Track 3 of Elvis for Everyone! is "Finders Keepers, Losers Weepers," cowritten by Dory Jones and Ollie Jones. In 1991 it was included on The Lost Album, which collected tracks Elvis recorded in 1963 and 1964. Executed by a complement of studio pros in Nashville, "Finders Keepers" is a harmless bit of bouncy pop. In other hands, it might have been rendered as R&B. Here it represents the kind of unchallenging pleasure that Elvis increasingly delivered during his Hollywood years. He could have performed pleasant pop like this in his sleep (and on some tracks, alas, it sounds like he did).
"In My Way," another Weisman and Wise composition, returns to the emotionalism of "Summer Kisses, Winter Tears" but without the exotic backdrop. In the 1961 movie Wild in the Country, Elvis lip syncs this one while facing a young woman on a staircase and seeming to strum the acoustic guitar that provides his only accompaniment.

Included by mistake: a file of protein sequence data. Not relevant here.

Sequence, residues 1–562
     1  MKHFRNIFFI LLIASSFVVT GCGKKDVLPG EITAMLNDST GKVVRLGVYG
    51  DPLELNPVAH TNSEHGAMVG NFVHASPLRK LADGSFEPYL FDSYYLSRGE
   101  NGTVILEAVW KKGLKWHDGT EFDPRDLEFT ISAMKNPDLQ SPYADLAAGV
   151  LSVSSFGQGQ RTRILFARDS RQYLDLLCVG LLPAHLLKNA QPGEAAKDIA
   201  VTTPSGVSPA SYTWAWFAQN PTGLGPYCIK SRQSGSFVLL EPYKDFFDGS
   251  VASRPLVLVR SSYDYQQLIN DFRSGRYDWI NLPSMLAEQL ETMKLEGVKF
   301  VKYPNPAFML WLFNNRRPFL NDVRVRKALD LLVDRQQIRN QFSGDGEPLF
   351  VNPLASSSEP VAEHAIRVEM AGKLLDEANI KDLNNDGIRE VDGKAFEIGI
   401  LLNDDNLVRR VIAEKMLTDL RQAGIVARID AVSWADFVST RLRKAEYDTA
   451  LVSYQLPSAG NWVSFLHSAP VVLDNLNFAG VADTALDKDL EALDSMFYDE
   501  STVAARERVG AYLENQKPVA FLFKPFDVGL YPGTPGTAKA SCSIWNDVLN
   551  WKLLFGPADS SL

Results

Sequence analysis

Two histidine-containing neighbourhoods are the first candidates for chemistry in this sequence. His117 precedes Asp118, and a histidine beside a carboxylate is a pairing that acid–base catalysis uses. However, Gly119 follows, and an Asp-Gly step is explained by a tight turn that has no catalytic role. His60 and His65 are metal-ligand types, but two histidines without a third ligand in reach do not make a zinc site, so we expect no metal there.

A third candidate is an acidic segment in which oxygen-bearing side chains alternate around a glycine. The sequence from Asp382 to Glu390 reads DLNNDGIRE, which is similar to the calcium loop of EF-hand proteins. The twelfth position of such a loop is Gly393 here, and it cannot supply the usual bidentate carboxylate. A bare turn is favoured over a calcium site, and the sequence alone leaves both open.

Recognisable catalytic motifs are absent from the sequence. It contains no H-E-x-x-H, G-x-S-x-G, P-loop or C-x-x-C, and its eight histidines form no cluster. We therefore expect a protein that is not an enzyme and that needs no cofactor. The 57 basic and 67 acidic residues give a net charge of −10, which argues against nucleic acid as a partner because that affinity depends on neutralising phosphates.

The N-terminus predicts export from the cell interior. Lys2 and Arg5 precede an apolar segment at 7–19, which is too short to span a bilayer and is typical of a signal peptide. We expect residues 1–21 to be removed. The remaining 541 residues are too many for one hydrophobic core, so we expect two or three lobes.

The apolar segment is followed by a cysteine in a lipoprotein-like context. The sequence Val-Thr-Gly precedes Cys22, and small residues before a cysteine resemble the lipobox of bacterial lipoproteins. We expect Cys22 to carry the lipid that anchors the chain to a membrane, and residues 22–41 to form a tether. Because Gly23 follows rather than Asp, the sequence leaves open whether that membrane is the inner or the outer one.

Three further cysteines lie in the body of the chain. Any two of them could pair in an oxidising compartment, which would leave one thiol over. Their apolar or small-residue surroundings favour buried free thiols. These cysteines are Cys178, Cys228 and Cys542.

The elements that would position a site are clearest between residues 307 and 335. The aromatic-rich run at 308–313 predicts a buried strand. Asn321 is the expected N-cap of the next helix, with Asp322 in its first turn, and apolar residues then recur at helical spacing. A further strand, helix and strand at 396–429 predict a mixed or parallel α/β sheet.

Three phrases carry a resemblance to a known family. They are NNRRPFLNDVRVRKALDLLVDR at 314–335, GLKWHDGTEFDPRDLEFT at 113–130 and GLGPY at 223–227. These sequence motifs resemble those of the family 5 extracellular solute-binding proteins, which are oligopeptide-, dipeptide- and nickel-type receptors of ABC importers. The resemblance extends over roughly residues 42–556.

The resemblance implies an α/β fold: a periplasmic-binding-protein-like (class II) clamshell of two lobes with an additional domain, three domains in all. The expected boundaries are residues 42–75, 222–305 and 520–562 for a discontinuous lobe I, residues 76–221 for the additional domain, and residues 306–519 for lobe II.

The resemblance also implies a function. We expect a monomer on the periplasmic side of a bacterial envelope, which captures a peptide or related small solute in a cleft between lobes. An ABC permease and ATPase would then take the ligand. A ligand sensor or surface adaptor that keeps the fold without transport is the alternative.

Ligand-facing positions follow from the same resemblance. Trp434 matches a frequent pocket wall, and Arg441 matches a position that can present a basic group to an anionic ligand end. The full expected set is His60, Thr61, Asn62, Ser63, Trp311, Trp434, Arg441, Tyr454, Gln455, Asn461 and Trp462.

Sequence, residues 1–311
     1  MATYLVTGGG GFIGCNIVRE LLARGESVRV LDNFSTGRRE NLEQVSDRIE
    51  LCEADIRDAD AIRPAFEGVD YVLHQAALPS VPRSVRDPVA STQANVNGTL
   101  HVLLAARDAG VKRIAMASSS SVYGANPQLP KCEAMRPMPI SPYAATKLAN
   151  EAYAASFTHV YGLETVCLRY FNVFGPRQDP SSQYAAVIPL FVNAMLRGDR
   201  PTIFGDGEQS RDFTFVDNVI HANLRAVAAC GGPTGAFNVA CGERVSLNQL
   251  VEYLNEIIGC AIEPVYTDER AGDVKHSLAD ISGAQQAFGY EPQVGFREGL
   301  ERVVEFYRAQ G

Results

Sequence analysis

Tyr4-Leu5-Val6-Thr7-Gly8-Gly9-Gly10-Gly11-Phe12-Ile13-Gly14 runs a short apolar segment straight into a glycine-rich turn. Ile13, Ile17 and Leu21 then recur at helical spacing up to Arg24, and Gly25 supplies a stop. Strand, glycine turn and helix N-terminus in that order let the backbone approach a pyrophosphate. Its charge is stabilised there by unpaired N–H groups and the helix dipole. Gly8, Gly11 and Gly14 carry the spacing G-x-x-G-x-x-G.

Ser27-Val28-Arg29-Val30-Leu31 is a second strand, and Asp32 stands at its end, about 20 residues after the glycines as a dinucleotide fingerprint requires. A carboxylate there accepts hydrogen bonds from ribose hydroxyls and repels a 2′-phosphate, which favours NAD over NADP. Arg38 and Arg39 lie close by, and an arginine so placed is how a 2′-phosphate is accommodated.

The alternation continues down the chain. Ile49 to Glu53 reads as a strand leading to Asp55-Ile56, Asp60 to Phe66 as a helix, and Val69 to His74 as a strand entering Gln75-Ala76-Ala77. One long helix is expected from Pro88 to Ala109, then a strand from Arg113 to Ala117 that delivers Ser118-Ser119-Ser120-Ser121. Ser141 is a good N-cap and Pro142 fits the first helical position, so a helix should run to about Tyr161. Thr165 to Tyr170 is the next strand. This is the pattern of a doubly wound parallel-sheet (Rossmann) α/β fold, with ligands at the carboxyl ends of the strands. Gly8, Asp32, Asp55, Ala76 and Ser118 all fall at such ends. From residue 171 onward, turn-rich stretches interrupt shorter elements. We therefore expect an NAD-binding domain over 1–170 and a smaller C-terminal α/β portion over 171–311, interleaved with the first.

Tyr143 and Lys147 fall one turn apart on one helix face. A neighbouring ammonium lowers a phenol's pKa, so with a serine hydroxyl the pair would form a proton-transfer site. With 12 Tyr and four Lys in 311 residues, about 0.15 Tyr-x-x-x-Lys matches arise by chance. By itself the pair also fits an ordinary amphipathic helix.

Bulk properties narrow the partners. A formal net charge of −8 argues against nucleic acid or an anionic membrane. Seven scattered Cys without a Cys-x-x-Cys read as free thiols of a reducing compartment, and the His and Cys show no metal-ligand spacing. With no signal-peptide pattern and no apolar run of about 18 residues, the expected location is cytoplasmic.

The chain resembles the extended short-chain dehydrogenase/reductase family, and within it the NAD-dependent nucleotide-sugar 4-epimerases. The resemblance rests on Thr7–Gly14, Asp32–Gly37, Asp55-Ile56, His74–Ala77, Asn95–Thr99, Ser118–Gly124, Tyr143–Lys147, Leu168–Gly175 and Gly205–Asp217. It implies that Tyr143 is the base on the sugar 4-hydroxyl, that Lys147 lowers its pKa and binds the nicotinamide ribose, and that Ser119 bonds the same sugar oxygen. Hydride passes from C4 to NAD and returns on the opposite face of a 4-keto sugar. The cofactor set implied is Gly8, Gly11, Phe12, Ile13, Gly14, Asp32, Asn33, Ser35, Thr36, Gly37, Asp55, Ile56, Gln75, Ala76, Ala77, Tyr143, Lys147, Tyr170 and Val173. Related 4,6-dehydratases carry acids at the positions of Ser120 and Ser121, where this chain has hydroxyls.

This lovely little song, only slightly longer than a minute, makes time stop. It represents the Elvis-as-acoustic-balladeer most well-known from the 1956 hit "Love Me Tender." However, "In My Way" could be a thin, crusty slice cut from that pie. It's as though the lyricists looked at the "Love Me Tender" couplet--"For, my darling, I love you / And I always will"--and decided to give the sentiment a twist: "I'll be true to you / In my way," he declares. But whether professing or qualifying his love, Elvis in these simple settings, singing without the net of a backup band, is the voice of sincerity.
"Tomorrow Night," by Sam Coslow and Will Grosz, delivers the same kind of undeniable honesty but includes added spice of a different kind. The song itself goes back to 1939. Elvis's recording occurred at Sun in 1954. After buying his contract, RCA released some of the Sun recordings as tracks on Elvis's early albums, and among the early Sun releases on RCA was "Blue Moon," Elvis's otherworldly rendering of a 1934 ballad by Richard Rodgers and Lorenz Hart. With instrumentation so spare as to basically be nonexistent, Elvis issues a moaning croon that suggests a haunting soul trapped in limbo:
You saw me standing alone
Without a dream in my heart
Without a love of my own
It turns out that at Sun, Elvis employed much the same ghostly "Blue Moon" style on "Tomorrow Night":